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Association of functional polymorphisms from brain-derived neurotrophic factor and serotonin-related genes with depressive symptoms after a medical stressor in older adults.

Rawson KS, Dixon D, Nowotny P, Ricci WM, Binder EF, Rodebaugh TL, Wendleton L, Doré P, Lenze EJ - PLoS ONE (2015)

Bottom Line: We recruited healthy comparisons from the community and participants with hip fracture after surgical fixation from Saint Louis, Missouri hospitals.Among 429 participants with hip fracture, BDNF Met/Met carriers developed significantly more depressive symptoms than Val/Val carriers during a four-week period after the fracture (p=.012).Our findings suggest plasticity-related genetic factors contribute to the neural mechanisms of mental and functional well-being after a disabling medical stressor.

View Article: PubMed Central - PubMed

Affiliation: Department of Psychiatry, Washington University School of Medicine, Saint Louis, Missouri, United States of America.

ABSTRACT
Depressive symptoms are common in older adults after a disabling medical event and interfere with rehabilitation and recovery from the disability. This prospective study examined the role of genetic polymorphisms implicated in synaptic integrity and stress-associated depression as predictors of depressive symptoms after hip fracture. We recruited healthy comparisons from the community and participants with hip fracture after surgical fixation from Saint Louis, Missouri hospitals. We examined the valine (Val) to methionine (Met) polymorphism in brain-derived neurotrophic factor (BDNF), serotonin 1A receptor (5HT1a-rs6295) polymorphism, and the serotonin transporter-linked polymorphic region (5HTTLPR) interaction with the rs25531 A to G single nucleotide polymorphism (5HTTLPR-rs25531) as predictors of depressive symptoms. We also examined whether depressive symptoms mediate the influence of BDNF genotype on functional recovery. Among 429 participants with hip fracture, BDNF Met/Met carriers developed significantly more depressive symptoms than Val/Val carriers during a four-week period after the fracture (p=.012). BDNF genotype also predicted functional recovery over the ensuing year, mediated by its effects on depressive symptoms (CI: 0.07-3.37). Unlike prior studies of stressful life events, the S' 5HTTLPR-rs25531 variant did not predict higher levels of depressive symptoms; instead, we report an exploratory finding of an epistatic effect between BDNF and 5HTTLPR-rs25531 whereby the compounded effects of two LA alleles and BDNF Met/Met genotype elevate risk of depressive symptoms after hip fracture (p=.006). No differences between 5HT1a genotypes were found. Our findings suggest plasticity-related genetic factors contribute to the neural mechanisms of mental and functional well-being after a disabling medical stressor.

No MeSH data available.


Related in: MedlinePlus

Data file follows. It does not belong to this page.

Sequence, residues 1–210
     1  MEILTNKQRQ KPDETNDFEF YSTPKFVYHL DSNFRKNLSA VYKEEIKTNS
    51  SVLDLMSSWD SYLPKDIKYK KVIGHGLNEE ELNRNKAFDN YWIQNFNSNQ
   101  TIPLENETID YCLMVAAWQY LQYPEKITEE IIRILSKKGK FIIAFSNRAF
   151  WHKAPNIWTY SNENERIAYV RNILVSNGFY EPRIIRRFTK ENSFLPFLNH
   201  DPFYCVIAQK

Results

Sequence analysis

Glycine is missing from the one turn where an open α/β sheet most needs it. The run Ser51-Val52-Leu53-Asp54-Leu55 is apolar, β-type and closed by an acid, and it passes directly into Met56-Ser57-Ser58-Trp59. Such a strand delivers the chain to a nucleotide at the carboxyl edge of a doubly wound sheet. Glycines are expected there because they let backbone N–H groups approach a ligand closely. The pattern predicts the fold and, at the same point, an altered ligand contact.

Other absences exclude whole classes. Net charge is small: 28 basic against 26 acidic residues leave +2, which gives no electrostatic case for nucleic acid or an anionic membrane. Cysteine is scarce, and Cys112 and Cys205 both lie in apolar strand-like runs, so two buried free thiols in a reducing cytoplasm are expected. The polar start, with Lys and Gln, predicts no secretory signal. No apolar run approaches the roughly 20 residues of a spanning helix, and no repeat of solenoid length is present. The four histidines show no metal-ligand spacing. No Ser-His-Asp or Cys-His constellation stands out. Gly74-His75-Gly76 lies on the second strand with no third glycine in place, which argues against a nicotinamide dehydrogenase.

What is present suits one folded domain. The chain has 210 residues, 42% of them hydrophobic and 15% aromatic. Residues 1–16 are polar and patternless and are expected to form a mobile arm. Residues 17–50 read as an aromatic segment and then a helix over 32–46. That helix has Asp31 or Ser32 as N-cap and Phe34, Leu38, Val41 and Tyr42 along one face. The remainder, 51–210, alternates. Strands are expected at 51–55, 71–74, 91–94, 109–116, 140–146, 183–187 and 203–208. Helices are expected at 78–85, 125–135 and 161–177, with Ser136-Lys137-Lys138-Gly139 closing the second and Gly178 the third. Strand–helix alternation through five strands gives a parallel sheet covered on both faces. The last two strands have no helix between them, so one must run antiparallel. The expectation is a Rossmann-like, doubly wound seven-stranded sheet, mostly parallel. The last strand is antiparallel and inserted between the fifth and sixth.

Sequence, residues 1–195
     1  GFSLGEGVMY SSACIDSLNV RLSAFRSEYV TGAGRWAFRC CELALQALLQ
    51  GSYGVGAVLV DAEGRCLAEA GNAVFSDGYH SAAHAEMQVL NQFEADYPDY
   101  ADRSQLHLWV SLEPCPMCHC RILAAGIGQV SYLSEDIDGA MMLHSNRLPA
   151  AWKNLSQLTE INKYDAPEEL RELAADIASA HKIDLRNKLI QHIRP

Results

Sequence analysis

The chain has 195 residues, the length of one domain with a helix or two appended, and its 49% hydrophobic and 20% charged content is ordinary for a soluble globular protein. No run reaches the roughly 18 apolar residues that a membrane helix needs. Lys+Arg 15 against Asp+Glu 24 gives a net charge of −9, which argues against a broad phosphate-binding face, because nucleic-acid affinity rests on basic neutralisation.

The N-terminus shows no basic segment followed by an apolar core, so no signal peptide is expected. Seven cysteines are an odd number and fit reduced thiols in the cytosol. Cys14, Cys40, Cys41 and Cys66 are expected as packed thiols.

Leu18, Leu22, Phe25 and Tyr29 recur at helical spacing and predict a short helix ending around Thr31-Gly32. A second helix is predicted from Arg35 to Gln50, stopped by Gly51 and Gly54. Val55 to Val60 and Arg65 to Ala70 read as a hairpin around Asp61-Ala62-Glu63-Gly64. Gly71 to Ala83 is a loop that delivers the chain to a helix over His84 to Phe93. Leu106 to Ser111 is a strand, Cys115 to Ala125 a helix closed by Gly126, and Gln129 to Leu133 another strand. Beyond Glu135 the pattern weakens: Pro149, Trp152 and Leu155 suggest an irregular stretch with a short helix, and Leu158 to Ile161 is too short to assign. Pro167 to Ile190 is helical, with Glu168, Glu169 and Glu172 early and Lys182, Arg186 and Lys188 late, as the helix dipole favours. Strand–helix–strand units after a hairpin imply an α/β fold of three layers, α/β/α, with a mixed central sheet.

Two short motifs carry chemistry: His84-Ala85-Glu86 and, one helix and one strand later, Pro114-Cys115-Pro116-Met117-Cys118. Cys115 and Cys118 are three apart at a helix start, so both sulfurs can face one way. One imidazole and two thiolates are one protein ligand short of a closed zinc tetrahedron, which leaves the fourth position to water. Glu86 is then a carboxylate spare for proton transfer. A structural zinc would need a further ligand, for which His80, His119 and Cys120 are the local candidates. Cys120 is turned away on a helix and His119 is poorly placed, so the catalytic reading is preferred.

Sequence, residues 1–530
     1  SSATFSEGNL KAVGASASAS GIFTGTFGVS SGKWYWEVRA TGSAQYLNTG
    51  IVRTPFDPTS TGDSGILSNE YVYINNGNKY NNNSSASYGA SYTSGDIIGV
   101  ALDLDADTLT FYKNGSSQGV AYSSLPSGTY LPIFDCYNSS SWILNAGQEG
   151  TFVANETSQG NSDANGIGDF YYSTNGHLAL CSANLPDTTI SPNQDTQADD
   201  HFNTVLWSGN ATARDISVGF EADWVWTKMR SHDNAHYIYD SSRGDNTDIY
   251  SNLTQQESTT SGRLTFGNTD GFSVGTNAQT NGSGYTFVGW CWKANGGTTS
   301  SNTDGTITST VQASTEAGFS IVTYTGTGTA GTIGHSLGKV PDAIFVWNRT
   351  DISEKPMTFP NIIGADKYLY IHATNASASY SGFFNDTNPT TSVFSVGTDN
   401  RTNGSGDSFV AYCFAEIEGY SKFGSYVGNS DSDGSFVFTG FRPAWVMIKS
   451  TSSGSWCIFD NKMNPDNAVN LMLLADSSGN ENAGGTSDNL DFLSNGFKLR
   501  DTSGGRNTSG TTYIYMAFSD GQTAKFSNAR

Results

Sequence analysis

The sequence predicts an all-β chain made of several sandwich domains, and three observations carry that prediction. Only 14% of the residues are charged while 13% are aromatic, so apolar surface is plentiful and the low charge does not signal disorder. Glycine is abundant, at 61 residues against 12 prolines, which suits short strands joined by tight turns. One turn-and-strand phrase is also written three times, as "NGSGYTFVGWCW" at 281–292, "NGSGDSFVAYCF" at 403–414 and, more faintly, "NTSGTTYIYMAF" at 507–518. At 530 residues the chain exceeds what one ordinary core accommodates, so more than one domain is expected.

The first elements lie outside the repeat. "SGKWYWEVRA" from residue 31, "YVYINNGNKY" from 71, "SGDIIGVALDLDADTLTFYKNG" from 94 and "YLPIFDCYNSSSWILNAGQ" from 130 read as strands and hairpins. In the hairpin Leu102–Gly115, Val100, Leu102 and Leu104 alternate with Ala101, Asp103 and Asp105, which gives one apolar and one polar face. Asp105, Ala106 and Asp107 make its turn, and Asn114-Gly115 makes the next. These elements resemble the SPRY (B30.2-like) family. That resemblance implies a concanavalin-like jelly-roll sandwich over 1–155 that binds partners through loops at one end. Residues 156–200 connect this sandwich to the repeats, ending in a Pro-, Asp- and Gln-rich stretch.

Mediation model using Hayes’ (2013) multicategorical independent variable method. Mediation test of the relationship between brain-derived neurotrophic factor (BDNF) Val66Met polymorphism and the Functional Recovery Score (FRS) at week 12 as a result of the Montgomery-Asberg Depression Rating Scale (MADRS) depression scores. Results are shown for the BDNF Val+:Met/Met contrast. The Val/Val:Val/Met contrast was not significant.
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pone.0120685.g004: Mediation model using Hayes’ (2013) multicategorical independent variable method. Mediation test of the relationship between brain-derived neurotrophic factor (BDNF) Val66Met polymorphism and the Functional Recovery Score (FRS) at week 12 as a result of the Montgomery-Asberg Depression Rating Scale (MADRS) depression scores. Results are shown for the BDNF Val+:Met/Met contrast. The Val/Val:Val/Met contrast was not significant.

Mentions: The indirect effects from the mediation analysis were significant and indicated BDNF genotype affects functional recovery as a result of depressive symptoms at weeks 12, 26, and 52 (S3 Table). Total, direct, and indirect effects for the Val+:Met/Met contrast at week 12 are provided in Fig. 4 for illustration. The total effect indicated Val+ carriers had significantly better FRS than Met/Met carriers at week 12. The direct effects indicated Val+ carriers had significantly lower MADRS scores relative to Met/Met carriers and participants with lower MADRS scores had higher FRS, regardless of BDNF genotype, at all 3 time points. Indirect effects indicated MADRS scores are a significant mediator for the Val+:Met/Met contrast. That is, Val+ carriers scored an average 1.728 units higher on FRS at week 12 relative to Met/Met carriers due to the effect of BDNF genotype on depressive symptoms. Similar results were seen using FRS as the outcome at week 26 and 52. Neither total, direct, nor indirect effects for the Val/Val:Val/Met contrast were significant. There was no evidence that BDNF genotype influenced FRS independent of its effect on depressive symptoms at week 12, 26, or 52 for either contrast.